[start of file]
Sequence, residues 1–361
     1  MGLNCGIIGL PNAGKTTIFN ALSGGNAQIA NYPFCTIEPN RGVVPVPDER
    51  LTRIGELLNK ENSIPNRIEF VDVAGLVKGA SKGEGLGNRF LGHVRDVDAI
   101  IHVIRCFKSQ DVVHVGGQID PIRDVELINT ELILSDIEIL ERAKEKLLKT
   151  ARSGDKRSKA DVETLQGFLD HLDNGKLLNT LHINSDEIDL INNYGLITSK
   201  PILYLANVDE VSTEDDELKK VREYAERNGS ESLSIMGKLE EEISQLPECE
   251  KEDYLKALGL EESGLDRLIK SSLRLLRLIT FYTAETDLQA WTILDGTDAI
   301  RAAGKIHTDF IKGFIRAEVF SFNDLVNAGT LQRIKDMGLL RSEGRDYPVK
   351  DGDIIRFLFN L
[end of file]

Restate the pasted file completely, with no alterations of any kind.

Sequence, residues 1–361
     1  MGLNCGIIGL PNAGKTTIFN ALSGGNAQIA NYPFCTIEPN RGVVPVPDER
    51  LTRIGELLNK ENSIPNRIEF VDVAGLVKGA SKGEGLGNRF LGHVRDVDAI
   101  IHVIRCFKSQ DVVHVGGQID PIRDVELINT ELILSDIEIL ERAKEKLLKT
   151  ARSGDKRSKA DVETLQGFLD HLDNGKLLNT LHINSDEIDL INNYGLITSK
   201  PILYLANVDE VSTEDDELKK VREYAERNGS ESLSIMGKLE EEISQLPECE
   251  KEDYLKALGL EESGLDRLIK SSLRLLRLIT FYTAETDLQA WTILDGTDAI
   301  RAAGKIHTDF IKGFIRAEVF SFNDLVNAGT LQRIKDMGLL RSEGRDYPVK
   351  DGDIIRFLFN L